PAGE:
Alex Trebek, the long-running host of Jeopardy!, has passed away at the age of 80. The news was confirmed by the trivia game show's official Twitter account, which wrote: "Jeopardy! is saddened to share that Alex Trebek passed away peacefully at home early this morning, surrounded by family and friends. Thank you, Alex."
Trebek, whose career in media dated back to the early 1960s, had been suffering from Stage IV Pancreatic Cancer since early 2019. Despite the rather negative prognosis, the beloved television personality had hoped to beat the virulent disease that also killed other notable entertainment/pop culture figures like Steve Jobs, Patrick Swayze, and Alan Rickman. Nevertheless, Trebek wasn't phased by the low-survival rate.
"I plan to beat the low survival-rate statistics for this disease," he told USA Today. "Truth told, I have to! Because under the terms of my contract, I have to host Jeopardy! for three more years!" he went on to joke. "So help me. Keep the faith and we’ll win. We’ll get it done."
He completed his chemotherapy treatment last summer and returned to work for the 37th season of Jeopardy! “It’s something that I can’t explain intellectually. At a gut level, without even thinking about it, it just happens. I suddenly wake up and I’m able to perform and handle the show because I like it. It's a good job,” he said during an interview with Good Morning America this past July.
By the time of his passing, Trebek had hosted over 8,0000 Jeopardy!. He set the world record for most game show episodes hosted in the summer of 2014. “It’s an honor to hold the Guinness World Record for hosting Jeopardy!, which I’ve often said is the best of reality T.V.,” he remarked at the time. “We have had incredible support from our viewers for the past 30 years, and without them, I wouldn’t have set this record.”
Created by Merv Griffin in the early 60s, Jeopardy! is a trivia-based competition series in which players must give their answers in the form of a question after being presented with the answer. The trivia is broken up into different categories, many of which are reflections of the pop culture zeitgeist. In one episode, for instance, the "Classic Movies & TV" category was full of video clues based on famous movie props (Luke Skywalker's lightsaber, the Ark of the Covenant) providedby Profiles in History. In yet another episode, there was a category exclusively devoted to Pokémon trivia.
Art Fleming was the original host before Trebek took over the role in 1984. Over the years, he became an iconic household name (whether he was rocking a mustache or not), eventually transcending the confines his own show to make small appearances on The X-Files, The Magic School Bus, Rugrats, The Simpsons, Family Guy, and Saturday Night Live (where he was played by a beleaguered Will Ferrell).
Like Regis Philbin, who passed away over the summer, Trebek would often appear as himself. His final cameo will be in Shawn Levy's Free Guy, which is currently without a release date. "Alex Trebek was kind enough to film a cameo for our film Free Guy last year, despite his battle," the film's star, Ryan Reynolds, wrote on Twitter. "He was gracious and funny. In addition to being curious, stalwart, generous, reassuring and of course, Canadian. We love you, Alex. And always will."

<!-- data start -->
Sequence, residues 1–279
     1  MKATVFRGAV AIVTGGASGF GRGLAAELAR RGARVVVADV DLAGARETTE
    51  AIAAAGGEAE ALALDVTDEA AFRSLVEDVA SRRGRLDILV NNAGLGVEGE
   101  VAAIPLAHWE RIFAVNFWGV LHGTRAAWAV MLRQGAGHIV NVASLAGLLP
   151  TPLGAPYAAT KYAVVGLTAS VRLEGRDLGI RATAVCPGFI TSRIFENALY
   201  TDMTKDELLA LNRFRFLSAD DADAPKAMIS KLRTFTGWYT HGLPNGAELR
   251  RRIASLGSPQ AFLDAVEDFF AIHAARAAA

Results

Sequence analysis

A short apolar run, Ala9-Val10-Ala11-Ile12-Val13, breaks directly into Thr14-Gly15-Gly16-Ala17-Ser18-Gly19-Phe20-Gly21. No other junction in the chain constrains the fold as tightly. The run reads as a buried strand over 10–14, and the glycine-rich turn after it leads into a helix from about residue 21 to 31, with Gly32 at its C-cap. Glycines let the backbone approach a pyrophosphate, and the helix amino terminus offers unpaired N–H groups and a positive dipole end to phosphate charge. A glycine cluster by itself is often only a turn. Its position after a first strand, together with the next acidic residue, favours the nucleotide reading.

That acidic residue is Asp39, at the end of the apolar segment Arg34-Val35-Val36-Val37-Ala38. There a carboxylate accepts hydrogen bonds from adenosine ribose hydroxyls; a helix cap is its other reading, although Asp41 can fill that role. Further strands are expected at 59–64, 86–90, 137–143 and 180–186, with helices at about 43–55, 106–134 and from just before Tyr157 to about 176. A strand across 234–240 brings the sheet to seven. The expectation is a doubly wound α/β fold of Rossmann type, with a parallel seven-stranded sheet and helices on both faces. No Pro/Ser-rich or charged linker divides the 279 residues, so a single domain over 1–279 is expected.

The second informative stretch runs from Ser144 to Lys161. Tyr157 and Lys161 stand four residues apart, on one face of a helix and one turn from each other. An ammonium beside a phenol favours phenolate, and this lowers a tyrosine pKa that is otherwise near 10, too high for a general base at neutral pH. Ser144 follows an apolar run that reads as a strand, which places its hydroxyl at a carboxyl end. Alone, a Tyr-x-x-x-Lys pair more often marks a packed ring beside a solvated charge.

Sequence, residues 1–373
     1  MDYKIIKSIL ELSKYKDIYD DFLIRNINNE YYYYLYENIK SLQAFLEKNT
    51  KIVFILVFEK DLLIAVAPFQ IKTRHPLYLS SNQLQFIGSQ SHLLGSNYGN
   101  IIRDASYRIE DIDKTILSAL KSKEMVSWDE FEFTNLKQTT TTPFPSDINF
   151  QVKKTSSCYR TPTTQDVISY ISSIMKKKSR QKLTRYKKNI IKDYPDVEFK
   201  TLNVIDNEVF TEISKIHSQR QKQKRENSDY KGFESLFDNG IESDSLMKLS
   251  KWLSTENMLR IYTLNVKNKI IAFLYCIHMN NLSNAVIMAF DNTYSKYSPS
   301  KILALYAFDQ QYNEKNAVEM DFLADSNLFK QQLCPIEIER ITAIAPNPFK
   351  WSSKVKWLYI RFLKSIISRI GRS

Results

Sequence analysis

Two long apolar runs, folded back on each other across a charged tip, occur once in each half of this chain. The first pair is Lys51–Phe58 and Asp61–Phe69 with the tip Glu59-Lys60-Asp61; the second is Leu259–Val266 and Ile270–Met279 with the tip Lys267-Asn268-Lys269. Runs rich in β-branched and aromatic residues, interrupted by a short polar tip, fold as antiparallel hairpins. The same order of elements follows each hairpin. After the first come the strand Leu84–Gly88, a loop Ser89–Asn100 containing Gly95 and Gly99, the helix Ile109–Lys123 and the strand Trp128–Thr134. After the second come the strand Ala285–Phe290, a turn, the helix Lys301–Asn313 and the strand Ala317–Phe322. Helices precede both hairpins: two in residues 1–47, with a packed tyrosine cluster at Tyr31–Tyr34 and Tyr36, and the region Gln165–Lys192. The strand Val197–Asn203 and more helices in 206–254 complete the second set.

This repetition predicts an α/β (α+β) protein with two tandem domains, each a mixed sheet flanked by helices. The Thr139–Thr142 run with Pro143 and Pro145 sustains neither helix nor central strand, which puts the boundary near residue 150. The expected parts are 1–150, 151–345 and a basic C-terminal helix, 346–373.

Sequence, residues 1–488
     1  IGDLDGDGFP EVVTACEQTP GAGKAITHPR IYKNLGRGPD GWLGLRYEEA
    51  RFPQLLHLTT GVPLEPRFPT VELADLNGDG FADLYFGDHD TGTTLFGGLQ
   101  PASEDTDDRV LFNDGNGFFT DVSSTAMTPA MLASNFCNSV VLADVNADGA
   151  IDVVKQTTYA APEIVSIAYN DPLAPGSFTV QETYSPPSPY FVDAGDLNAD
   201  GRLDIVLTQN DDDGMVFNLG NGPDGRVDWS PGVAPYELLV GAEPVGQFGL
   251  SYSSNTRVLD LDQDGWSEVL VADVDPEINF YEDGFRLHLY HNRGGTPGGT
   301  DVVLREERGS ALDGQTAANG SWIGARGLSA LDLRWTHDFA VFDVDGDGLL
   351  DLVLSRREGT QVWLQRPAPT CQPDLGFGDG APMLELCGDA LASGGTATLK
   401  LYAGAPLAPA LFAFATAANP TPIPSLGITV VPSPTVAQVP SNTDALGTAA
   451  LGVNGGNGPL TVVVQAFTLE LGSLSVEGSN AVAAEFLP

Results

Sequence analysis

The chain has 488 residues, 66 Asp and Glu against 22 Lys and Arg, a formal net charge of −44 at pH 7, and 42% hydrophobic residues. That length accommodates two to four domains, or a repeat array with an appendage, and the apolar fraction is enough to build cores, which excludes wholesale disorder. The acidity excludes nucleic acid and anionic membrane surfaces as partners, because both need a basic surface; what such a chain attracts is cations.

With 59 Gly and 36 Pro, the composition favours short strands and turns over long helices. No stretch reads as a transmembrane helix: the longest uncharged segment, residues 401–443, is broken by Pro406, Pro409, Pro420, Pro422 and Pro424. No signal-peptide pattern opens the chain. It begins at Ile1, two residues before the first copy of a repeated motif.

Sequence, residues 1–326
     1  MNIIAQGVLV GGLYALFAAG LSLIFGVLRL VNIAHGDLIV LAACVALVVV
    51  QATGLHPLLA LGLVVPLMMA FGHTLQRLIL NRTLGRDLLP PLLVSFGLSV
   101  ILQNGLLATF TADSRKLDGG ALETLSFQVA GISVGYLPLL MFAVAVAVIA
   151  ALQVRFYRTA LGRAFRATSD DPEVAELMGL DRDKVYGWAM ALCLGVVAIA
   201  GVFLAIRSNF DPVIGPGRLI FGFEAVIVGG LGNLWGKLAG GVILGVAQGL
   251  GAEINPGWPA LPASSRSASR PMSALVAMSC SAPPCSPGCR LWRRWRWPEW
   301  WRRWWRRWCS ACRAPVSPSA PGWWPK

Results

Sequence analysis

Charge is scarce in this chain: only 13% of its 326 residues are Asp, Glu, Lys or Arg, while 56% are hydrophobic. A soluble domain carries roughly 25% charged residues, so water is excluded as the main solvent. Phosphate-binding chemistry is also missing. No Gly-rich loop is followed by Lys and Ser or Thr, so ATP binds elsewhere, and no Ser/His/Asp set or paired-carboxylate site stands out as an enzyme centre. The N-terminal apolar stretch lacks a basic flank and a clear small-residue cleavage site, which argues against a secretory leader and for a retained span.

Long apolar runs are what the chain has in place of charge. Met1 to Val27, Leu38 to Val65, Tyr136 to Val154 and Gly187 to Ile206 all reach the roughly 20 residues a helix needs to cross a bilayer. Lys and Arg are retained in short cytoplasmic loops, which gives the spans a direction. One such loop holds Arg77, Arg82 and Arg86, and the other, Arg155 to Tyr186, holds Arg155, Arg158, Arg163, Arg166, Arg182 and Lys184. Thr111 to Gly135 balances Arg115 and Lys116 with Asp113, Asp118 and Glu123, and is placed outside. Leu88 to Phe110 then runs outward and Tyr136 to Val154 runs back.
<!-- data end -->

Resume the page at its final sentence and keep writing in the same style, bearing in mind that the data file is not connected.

Check out some of Mr. Trebek's most memorable genre appearances below:
Born in Ontario, Canada in July of 1940, Trebek began his media career with the Canadian Broadcasting Company in 1961. He worked in broadcast journalism before dipping his toes in the world of game shows with Canada's Reach for the Top, which he hosted for seven years. He then moved to the U.S., where he hosted several other programs like The Wizard of Odds, Classic Concentration, Double Dare, and High Rollers. Even after he boarded Jeopardy! (it originated on NBC, but is now a CBS property) in 1984, Trebek hosted 11 episodes of To Tell the Truth in 1991. In 2018, he executive produced Game Changers, a documentary features about the enduring popularity of game shows.
"I seem to be, you know, your uncle, your friendly neighbor, and people react to that in a positive way," Trebek told NPR over the summer, discussing his universal appeal. "They feel comfortable with me. And so when you combine all of those things, it makes for a pretty pleasant experience for the television viewer. They don't feel, oh, gosh, you know, this is a good game, but that host, he's really obnoxious."
Per Variety, Trebek is survived by his second wife, Jean, and their two adult children, Emily and Matthew. The seasoned host was mourned on social media by actors, dignitaries, business moguls, and, most importantly, former Jeopardy! champions.
(certain biographical info via IMDB)